• I’m confused by your comment. Was your weight loss due to wearing 50 Breitlings at one time? What in hell does weight loss have to do with Breitling design!?!

  3. Abraham

    I would love the green-faced model with a solid caseback and without the Bentley link.

  4. Steve Carlson

    As I am sure you are aware, Breitling has deserted their anchor and wing insignia. As a Navy/Marine this logo really pulled at my heart, and I own 4 Breitlings as well as 3 Omegas and 6 Rolexes. However, with the redirection of Breitling I will never buy another one! Both Omega and Rolex have stayed by their brand. Know anyone who wants to buy my Breitlings?!

    • Stephen

      Why sell them my friend ? Breitling’s new, misguided direction only makes those you own more special…Keep them and gloat…

    • It’s obvious as a military person in the Navy you purchased the wrong watch
      One of the of the oldest watch brands with heavy marine chronometer history for ships at sea whom still use the anchor insignia on their watches is Ulysses Nardin that’s why I own two, besides, as far as I’m aware Breitling never made chronometers for the U.S. Navy or U..S. Coast Guard they used Hamilton Chronometers; I know, as I used to wind and care for chronometers along with obtaining time ticks in order to ascertain the daily rate of the chronometer on the ships I sailed on in the U.S. Coast Guard.

  5. Stephen Barnard

    Actually, I like these! Breitling going simple (stylistically) is a lot more successful, in my opinion, than Longines going complicated. My only real caveat is that while BRG looks great on an older Bentley motorcar, it needs to be matched to a white roundel – preferably with the number 8 on it…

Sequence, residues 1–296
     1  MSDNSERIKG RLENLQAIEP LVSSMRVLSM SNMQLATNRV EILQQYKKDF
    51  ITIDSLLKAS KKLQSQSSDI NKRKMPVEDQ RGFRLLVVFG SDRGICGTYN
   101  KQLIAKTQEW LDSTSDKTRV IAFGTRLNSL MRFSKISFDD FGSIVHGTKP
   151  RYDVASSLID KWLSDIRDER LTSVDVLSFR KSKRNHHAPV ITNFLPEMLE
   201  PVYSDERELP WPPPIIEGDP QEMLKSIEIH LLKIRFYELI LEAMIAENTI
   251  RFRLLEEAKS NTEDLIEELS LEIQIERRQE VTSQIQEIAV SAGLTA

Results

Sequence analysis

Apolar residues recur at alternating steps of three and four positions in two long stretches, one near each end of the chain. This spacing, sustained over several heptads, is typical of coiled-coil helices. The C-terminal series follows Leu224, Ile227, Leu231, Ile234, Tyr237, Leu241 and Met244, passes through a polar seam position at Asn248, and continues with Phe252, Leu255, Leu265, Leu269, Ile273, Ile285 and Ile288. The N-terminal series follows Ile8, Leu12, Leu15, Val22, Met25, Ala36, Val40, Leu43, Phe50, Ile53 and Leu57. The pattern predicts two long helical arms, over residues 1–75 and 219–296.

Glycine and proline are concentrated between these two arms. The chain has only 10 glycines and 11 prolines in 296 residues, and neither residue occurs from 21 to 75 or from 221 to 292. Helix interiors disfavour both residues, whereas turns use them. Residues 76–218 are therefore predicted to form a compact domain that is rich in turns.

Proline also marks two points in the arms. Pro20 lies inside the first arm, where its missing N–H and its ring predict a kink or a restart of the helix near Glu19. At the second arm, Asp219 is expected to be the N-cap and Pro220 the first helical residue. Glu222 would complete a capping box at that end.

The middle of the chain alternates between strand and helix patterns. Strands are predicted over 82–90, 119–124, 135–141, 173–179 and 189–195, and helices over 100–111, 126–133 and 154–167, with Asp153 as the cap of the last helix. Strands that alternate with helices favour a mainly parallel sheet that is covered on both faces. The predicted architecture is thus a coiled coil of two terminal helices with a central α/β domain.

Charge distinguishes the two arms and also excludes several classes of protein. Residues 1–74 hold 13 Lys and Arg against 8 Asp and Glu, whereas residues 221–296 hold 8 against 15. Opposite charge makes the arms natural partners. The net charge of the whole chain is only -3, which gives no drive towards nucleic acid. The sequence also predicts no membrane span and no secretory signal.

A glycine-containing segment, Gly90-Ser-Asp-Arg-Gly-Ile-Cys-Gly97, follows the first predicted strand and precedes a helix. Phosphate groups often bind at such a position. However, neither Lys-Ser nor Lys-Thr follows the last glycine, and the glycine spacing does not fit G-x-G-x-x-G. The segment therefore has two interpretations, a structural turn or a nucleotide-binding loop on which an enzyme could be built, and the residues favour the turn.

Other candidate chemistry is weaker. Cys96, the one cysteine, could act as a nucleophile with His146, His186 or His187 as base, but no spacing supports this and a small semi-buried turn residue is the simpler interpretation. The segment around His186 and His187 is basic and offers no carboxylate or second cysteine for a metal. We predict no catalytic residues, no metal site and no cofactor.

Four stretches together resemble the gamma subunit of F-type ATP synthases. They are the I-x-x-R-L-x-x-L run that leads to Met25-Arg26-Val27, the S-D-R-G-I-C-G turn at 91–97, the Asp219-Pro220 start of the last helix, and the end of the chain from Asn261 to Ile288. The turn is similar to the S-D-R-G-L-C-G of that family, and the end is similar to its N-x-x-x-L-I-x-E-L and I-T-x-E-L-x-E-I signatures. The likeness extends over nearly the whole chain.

6. Matt Malone

    And George Kerns disappoints once again! How much longer until Breitling’s security team escorts him off of the premises for plotting the murder of a once beloved watch company? I sure hope the Asian market is worth turning away guys like me who have been completely loyal to only this watch company for at least 30 years. Well I guess it’s time to explore the othe swiss watch companies now. And now sadly I must say goodbye Breitling…at least til Kerns departs!

    • Thomas Wyler

      The swansong of the old guard who wants to keep Breitling big & sleazy?

  7. Jerry Hom

    Not certain how well this reissue of the Breitling Chronomat will be received? I recall with great nostalgia how delighted we were to replace the “bullet” bracelet with the newly designed “pilot” bracelet back in the late 1980s on our Chronomat watches. Admit that those models were quite superior to more recent iterations but I personally feel that they are moving back into their archives too much. Some innovation in appearance is needed to make that brand relevant again!